rigelan wrote:The high school students are not producing peer-reviewed literature. They are typically producing essays, opinions, summaries, and background information on lab reports of what they find. Is Wikipedia (or any other encyclopedia for that matter) appropriate to cite a source for this? Or perhaps a better question - what types of sources are appropriate for writing about science (or other subjects) at the high school level?
By high school, students shouldn't be citing encyclopedias of any kind as a general rule. There can always be exceptions to a rule, but I think here they would be few and far between.
It could be reasonable to cite an encyclopedia when providing information that's simultaneously trivial and esoteric in a general sense, but non-trivial with respect to the argument of the paper. For instance, I might write an essay arguing that numerology is dishonest hogwash in which I use dates of certain events in the lives of historical figures to construct satirical illustrative examples. In this scenario, the dates are likely not common knowledge and are non-trivial as part of the argument of the paper; but they are essentially trivial and reasonably esoteric in a general context. Depending on how
esoteric, you might even have to consult a biography of the historical figure rather than an encyclopedia entry (the year in which Thomas Jefferson was born vs. the year in which Thomas Jefferson first ate red meat), which just makes this particular hypothetical exception to the rule that much less realistic. And I'm sure there are many who would argue in such a situation that any date which is commonly accepted and easily verified in any number of encyclopedia entries doesn't require a citation at all. I think I might be one of them, in fact.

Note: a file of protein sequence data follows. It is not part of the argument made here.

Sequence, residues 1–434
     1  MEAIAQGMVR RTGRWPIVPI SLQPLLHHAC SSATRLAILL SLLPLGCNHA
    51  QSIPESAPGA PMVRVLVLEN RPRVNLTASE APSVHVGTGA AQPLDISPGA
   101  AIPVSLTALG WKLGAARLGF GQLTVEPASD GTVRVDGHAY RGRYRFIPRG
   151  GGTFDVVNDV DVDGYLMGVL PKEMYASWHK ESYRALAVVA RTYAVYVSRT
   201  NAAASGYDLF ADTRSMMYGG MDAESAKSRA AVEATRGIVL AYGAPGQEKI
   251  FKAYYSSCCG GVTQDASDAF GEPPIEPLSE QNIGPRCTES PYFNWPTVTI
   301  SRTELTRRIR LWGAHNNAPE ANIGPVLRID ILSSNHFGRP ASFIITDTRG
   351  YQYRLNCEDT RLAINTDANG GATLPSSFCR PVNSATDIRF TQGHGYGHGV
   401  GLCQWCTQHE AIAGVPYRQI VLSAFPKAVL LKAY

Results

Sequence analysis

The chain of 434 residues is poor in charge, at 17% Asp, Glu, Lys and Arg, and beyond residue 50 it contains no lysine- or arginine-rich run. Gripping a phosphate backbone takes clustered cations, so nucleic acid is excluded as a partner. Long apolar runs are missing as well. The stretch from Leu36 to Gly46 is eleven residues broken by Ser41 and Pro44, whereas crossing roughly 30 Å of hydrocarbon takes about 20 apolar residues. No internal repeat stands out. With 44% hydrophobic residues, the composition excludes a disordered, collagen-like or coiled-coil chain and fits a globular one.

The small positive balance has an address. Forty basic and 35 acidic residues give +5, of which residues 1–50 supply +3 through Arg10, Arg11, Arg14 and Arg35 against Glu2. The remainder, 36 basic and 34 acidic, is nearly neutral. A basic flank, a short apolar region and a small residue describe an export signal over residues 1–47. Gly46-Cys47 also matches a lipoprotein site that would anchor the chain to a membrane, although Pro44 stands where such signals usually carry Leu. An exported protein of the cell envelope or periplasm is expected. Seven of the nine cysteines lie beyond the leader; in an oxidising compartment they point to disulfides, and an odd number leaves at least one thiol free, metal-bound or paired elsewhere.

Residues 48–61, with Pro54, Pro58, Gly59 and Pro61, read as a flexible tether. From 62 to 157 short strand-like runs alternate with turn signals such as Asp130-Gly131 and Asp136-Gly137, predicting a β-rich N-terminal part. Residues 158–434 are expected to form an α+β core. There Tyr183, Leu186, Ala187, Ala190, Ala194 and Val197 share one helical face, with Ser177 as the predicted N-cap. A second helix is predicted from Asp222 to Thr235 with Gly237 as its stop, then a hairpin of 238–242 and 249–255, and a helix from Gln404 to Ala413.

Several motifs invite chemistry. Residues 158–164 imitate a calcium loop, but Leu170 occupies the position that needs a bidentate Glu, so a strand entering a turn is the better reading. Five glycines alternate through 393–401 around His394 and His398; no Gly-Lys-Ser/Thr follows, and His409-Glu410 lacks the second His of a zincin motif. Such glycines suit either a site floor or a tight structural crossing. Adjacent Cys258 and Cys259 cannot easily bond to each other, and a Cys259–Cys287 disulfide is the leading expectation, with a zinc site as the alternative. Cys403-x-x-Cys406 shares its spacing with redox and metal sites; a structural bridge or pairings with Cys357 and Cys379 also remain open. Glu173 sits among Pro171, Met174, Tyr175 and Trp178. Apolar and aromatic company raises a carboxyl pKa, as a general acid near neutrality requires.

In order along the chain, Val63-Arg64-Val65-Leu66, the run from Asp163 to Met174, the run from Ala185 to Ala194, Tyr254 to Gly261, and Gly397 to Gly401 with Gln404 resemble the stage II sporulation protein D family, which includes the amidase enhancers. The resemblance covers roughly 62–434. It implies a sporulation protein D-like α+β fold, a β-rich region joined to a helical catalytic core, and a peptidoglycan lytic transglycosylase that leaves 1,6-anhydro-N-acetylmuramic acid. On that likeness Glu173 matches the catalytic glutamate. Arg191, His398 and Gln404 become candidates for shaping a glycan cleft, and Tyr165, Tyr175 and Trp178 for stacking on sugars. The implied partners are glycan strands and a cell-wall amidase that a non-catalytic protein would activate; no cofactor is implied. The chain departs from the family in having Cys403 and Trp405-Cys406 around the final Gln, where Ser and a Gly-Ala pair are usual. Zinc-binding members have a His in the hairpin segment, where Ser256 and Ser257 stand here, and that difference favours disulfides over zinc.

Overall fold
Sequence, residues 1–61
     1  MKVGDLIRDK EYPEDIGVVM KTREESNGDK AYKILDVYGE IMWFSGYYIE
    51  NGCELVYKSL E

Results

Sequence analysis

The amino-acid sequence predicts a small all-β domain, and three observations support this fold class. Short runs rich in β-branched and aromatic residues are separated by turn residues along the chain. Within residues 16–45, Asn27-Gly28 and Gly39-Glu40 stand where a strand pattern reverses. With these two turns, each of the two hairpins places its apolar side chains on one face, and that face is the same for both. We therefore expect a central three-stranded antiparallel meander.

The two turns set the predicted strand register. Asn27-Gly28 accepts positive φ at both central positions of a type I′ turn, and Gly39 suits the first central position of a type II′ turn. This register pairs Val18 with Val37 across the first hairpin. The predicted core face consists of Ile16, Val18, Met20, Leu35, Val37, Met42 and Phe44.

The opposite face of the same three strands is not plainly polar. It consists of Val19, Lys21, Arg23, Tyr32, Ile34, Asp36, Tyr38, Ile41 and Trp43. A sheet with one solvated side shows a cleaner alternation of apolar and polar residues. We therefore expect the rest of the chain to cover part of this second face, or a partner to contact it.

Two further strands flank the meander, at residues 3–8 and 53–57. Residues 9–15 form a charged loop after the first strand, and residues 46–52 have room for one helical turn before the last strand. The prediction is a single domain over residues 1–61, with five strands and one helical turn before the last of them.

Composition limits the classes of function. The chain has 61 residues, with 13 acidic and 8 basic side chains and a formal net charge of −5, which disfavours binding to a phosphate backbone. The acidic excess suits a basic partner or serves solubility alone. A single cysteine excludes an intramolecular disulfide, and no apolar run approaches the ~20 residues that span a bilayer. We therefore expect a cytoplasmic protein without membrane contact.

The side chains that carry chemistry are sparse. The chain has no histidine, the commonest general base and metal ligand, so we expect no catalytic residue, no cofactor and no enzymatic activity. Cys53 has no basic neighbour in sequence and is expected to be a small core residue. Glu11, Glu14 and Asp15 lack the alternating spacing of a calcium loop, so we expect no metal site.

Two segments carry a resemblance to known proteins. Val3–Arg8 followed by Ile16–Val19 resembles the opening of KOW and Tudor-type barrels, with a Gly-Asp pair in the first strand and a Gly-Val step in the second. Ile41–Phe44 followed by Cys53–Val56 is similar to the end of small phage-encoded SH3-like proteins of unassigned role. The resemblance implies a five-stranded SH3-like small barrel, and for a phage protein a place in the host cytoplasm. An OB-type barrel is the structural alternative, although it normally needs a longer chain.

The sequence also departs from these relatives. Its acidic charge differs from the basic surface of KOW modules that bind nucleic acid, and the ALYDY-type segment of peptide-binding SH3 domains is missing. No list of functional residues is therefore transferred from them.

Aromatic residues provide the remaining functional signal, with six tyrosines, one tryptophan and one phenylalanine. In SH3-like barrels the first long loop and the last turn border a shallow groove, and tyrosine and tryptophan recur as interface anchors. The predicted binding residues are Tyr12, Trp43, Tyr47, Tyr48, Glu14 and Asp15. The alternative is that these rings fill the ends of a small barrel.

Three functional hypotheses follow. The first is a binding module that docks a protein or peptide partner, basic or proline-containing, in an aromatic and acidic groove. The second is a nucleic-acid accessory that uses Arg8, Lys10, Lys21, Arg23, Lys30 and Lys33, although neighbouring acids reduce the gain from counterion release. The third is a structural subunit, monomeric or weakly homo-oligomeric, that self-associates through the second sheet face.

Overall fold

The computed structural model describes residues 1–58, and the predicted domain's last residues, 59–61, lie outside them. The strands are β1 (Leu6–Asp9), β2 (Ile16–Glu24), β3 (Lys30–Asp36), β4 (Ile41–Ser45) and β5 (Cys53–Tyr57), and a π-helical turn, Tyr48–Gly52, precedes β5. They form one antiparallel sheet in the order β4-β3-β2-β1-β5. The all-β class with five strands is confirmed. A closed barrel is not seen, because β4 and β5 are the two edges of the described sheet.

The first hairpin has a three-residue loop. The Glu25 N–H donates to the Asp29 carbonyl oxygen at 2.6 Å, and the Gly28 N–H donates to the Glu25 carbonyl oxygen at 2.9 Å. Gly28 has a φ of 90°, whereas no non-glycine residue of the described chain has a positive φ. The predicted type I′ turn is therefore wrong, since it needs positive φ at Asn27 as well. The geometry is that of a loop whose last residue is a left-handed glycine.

gorcee wrote:Let's say that a student is going to do a paper on the Rutherford experiment. What's a reasonable source for this paper? Although this was breakthrough science for its time, it's actually quite trivial in the modern era, and its implications are frequently taught to students in HS. Obviously, you're not going to cite anything from a scholarly journal, since that's years ahead of their abilities to understand. At the same time, what's a reliable source at this point?
Probably some combination of history books about science, biographies of scientists involved, and textbooks. There's also a surprising amount of information on university websites, and when the author is identified, those would seem to be as credible as any secondary internet source could hope to be.
The concession that some of my instructors have made in the past is to require e.g. a minimum of 6 sources of which a minimum of 3 must be credible (or peer-reviewed) and a maximum of 1 from an internet source. If I met that goal I could include as many additional citations from internet sources as I liked (though going overboard with sources merits point deduction on its own right, in some situations).